Schneider-Kreuznach is a German company that has built a reputation in the still photography market but may not be as well know to the video production market. That may change with the introduction of their Cine-Tilt lenses. If you are familiar with the tilt-shift effect that is used in architectural photography, this is the same principal on the horizontal plane. What it means is that there is an additional ring of control on the lens that will adjust the focus on your background. Turn one way for a blurred depth of field. Turn the other way for a sharper focus. The aperture remains the same. This will totally change the concept of the “rack focus” shot.
Another name that’s becoming even more familiar to video producers is Sigma. They announced at NAB a whole range of Cine Lenses. These are rugged, durable prime lenses that are made for all the major DSLR cameras. They boasted that one of these new lenses recently was used on an expedition to Mount Kilimanjaro with no failure.
Interconnectivity and streaming distribution, were some of the big subjects of discussion. NewTek was featuring a new switcher step up from their TriCaster line, the TC1. They call it “the most complete camera production system on the planet.” It allows for the marriage of different types of cameras and graphics sources and even Internet sources like Skype for switching, streaming and recording. Blackmagic Design introduced a more afford solution with the ATEM Television Studio HD that comes in at just under $1000, but you’ll need different converters if you want to mix formats. Similar units were seen from Grass Valley with their Korona K-Frame V-series and Ross’s Graphite Switcher.
From the lighting world, LED’s were all the rage. Zylight announced their new Rayzr 7, an LED fresnel. New-comer Outsource Lighting had a fully weather proof LED light on display, the Creamsource Mini+. Right across the aisle, BBS Lighting had a really unique solution: a tiny magnetic ball light called the K7 Twist. They come in a set of six balls that are about the size of a golf ball, but will magnetize to any metal surface for a quick spot of light.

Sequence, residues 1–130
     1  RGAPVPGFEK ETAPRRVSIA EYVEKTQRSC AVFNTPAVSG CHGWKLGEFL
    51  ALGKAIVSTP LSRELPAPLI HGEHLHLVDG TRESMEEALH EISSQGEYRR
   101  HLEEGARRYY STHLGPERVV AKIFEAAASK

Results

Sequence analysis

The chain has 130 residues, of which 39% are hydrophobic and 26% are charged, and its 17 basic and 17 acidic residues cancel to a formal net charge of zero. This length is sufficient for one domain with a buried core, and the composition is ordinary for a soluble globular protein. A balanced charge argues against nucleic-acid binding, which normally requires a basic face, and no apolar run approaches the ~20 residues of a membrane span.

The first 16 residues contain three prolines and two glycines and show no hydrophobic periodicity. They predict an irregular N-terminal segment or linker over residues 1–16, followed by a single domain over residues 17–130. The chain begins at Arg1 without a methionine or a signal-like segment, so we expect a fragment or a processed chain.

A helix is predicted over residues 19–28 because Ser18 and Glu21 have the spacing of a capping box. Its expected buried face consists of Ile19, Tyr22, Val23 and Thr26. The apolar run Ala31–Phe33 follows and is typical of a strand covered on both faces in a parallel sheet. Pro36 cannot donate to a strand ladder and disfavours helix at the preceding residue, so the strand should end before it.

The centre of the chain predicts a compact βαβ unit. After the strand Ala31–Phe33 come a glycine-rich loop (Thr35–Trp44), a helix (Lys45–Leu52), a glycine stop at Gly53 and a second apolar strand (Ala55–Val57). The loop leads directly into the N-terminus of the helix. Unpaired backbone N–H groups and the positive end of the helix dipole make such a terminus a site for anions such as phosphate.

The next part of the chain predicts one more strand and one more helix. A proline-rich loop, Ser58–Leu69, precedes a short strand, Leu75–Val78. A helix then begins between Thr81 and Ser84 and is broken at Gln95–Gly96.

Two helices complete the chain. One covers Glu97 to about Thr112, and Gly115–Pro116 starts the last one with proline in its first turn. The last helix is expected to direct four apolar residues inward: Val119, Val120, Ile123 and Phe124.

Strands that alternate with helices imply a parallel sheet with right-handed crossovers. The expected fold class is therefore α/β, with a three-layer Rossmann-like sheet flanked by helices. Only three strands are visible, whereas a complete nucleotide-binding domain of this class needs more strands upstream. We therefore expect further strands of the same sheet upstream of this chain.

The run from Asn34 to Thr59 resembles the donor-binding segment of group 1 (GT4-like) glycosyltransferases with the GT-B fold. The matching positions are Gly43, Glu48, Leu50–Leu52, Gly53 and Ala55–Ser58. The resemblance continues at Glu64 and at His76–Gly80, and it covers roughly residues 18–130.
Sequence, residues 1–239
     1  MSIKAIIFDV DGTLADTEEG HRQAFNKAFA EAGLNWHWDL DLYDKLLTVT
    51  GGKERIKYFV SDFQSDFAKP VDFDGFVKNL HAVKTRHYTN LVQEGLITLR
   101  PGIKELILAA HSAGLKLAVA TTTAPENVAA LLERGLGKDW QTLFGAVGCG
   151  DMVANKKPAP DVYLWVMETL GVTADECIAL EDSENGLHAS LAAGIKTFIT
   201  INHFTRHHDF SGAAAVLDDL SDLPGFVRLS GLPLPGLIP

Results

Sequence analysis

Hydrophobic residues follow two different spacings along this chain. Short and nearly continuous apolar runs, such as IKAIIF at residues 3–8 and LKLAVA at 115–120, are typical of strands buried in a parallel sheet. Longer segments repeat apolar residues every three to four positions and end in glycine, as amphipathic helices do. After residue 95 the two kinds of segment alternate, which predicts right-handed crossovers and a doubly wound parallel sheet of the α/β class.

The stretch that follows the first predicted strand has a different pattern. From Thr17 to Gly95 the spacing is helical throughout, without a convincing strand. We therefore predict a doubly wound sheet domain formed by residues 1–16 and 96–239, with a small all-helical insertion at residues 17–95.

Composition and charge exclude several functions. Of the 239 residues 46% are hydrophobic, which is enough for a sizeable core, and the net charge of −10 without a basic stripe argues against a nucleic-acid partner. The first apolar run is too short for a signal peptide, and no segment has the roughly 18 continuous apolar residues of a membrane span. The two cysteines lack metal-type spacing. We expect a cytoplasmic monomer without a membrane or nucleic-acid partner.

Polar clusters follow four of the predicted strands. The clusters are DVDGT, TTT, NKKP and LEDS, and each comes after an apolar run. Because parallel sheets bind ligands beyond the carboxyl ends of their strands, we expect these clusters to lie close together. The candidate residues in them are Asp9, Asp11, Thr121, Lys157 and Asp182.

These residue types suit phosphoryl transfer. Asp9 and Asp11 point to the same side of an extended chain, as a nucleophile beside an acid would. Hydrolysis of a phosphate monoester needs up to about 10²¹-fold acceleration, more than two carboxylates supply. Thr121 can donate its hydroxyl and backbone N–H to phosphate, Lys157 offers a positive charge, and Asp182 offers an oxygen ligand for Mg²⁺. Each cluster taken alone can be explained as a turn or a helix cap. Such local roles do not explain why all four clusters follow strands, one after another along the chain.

For audio, the trend seems to be smaller and more portable. DPL announced a bridge for their high quality mics to a lighting plug device like an iPhone or iPad. They said that studio-level recording is possible on an iOS device. Shure was featuring their new Axient Digital wireless system. It is not designed for a field environment, but has the smallest bodypack receiver available. How about a tiny lavaliere mic that actually has two receivers built into the same size head? Point Source audio was displaying their CO2-8WL that is the same size as most lavs but Y’s at the end to connect to receivers or recording devices.
There is definitely a trend toward better reference monitors in the field. One of the biggest booths in the main hall was for Atomos. They had a setup that looked like a complete movie set, to introduce their new Sumo 19-inch monitor recorder. It allows for up to four inputs that can be independently recorded in up to 4K 12bit Raw resolution. The rugged monitor has great reference functions and you can even switch between cameras on a single recorder. The SmallHD people went outside to demonstrate their super bright monitors in the desert sun. They claim that their 702 Bright HDMI + SDI monitor has the sharpest daylight viewable screen.
Finally, NAB is a two-way street. The manufacturers often have engineers in their booths to listen to industry insiders. They took notes and heard the feedback. Perhaps the newest gear and latest updates were being born on the hall floor. One thing is clear, next year there will be more innovation and more new gadgets to see at the NAB Show.
Sidebar: The Drone Wars
For a number of years now, drones have drawn huge crowds at NAB. This year the crowds weren’t quite as big surrounding the booths that feature the buzz of the tiny helicopters in flight.
The one exception was the DJI both right at the front entrance to the main hall. DJI always introduces something notable for NAB. This year the buzz was coming from the attendees who saw a drone that was touted as the best available image quality.
Back in January at CES, in the same convention center, DJI announced that they had acquired a majority holding in Hasselblad. The camera company, which for years has produced high-end photography gear. The partnership was in the spotlight with a DJI M600 pro drone that held a 100 Megapixel H6D-100c. The six-rotor helicopter was also outfitted with the Ronin-MX gimbal mount and the Lightbridge 2 transmission system.
It wasn't clear if this was going to be something that DJI was offering as a package, but more of an example what could be done. This could be a signal of a new direction or new division for the drone company.
This rig would give you 4K video with it’s 53.4 x 40mm sensor and photos with 15 stops of dynamic range. However, the camera alone retails for over $30,000 and the drone without the accessories goes for $5,000. Would anyone else feel a bit uneasy sending up a up rig that costs more than some cars?
Jeff Chaves is the Chief Creative Officer of Grace Pictures Inc., which he co-owns with his wife, Peggy. He got his start as an Army Broadcaster in the 1980s and spent 12 plus years working on broadcasting. Jeff left broadcast television to pursue full-time ministry.